Months of the Northern Lights

Northern lights are a natural phenomenon produced by solar winds, which blow electronic particles into molecules of atmospheric gases, causing bright light emission. While solar activity occurs year-round, there must be dark skies to view auroras, which means the winter months are the time to search for northern lights in Iceland.

When is the Best Time of Year to see the Northern Lights?

One of Iceland’s most popular winter attractions is searching for the otherworldly northern lights (Aurora Borealis). The best time to see northern lights is from late August to early April, and there are forecasts predicting visibility on the Icelandic Met Office ( While not common, it’s possible to see northern lights in late August if the conditions are right.

Northern lights


Weather Conditions: January is one of the coldest months in Iceland, with temperatures often below freezing. Snow and ice are common, which can make travelling challenging. However, the clear, cold nights can provide excellent conditions for Northern Lights viewing.

Expected Intensity: High. The long nights and frequent clear skies make January a prime month for aurora activity.

Best Locations: The Westfjords, away from city lights, and the northern parts of Iceland, such as Akureyri.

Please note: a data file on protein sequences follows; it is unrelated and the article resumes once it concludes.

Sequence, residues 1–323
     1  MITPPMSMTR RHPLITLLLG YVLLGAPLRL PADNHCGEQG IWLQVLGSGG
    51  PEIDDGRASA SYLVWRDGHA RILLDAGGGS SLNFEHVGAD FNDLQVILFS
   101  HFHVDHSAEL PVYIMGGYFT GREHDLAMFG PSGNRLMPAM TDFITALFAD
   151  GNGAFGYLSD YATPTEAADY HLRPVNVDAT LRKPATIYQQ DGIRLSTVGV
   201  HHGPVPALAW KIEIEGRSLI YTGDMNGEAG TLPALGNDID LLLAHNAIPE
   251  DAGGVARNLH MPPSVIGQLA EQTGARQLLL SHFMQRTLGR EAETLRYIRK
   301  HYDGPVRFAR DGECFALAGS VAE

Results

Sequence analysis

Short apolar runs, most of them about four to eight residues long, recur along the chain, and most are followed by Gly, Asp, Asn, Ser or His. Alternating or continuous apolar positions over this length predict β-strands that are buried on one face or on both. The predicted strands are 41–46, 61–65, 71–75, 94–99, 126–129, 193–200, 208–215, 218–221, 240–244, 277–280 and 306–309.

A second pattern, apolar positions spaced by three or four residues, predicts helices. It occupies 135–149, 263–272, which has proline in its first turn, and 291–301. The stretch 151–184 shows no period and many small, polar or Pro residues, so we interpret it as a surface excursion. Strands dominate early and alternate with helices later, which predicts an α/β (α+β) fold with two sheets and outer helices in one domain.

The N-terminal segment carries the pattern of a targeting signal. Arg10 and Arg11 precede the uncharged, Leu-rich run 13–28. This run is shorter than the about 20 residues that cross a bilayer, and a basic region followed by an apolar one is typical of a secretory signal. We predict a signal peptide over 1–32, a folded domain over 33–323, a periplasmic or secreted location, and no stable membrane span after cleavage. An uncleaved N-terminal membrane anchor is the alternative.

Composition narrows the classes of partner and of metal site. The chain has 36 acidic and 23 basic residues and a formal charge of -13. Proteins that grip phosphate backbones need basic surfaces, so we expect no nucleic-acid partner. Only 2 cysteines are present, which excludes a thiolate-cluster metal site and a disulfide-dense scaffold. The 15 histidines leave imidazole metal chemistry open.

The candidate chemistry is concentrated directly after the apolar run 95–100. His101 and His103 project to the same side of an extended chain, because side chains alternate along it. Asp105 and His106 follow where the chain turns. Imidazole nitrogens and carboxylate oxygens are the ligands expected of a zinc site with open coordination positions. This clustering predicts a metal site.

Weather Conditions: February is still very cold, with similar conditions to January. Snowstorms can occasionally obstruct viewing.

Expected Intensity: High. The extended darkness continues to favour aurora sightings.

Best Locations: The Snaefellsnes Peninsula and areas around Lake Myvatn.


Weather Conditions: As Iceland moves from winter to spring, the days start to get longer. However, there are still long nights, providing ample opportunities for Northern Lights viewing.

Expected Intensity: High. Though the nights are shortening, they remain dark enough for frequent sightings.

Best Locations: The Golden Circle area, especially Thingvellir National Park, offers great viewing spots.


Weather Conditions: April sees gradual warming, though snow can still be present. Cloud cover can be variable, affecting visibility.

Expected Intensity: Moderate. The increasing daylight reduces the window for viewing, but sightings are still possible.

Best Locations: The Eastfjords and the southern coast, including Vik.


Weather Conditions: The Midnight Sun begins its ascent, leading to almost continuous daylight in the latter half of the month. This makes viewing the Northern Lights challenging.

Expected Intensity: Low. The extended daylight significantly reduces opportunities.